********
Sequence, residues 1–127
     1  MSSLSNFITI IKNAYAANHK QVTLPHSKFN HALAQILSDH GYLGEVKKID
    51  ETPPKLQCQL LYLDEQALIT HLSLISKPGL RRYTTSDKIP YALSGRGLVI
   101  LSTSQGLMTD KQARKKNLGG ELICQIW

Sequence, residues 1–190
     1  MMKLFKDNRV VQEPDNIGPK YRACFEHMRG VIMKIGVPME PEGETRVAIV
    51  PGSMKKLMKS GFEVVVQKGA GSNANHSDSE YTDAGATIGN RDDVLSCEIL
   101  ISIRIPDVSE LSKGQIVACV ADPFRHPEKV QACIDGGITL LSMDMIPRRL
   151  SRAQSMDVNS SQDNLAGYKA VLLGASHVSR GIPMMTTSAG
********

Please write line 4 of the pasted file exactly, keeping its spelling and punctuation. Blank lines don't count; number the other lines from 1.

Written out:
   101  LSTSQGLMTD KQARKKNLGG ELICQIW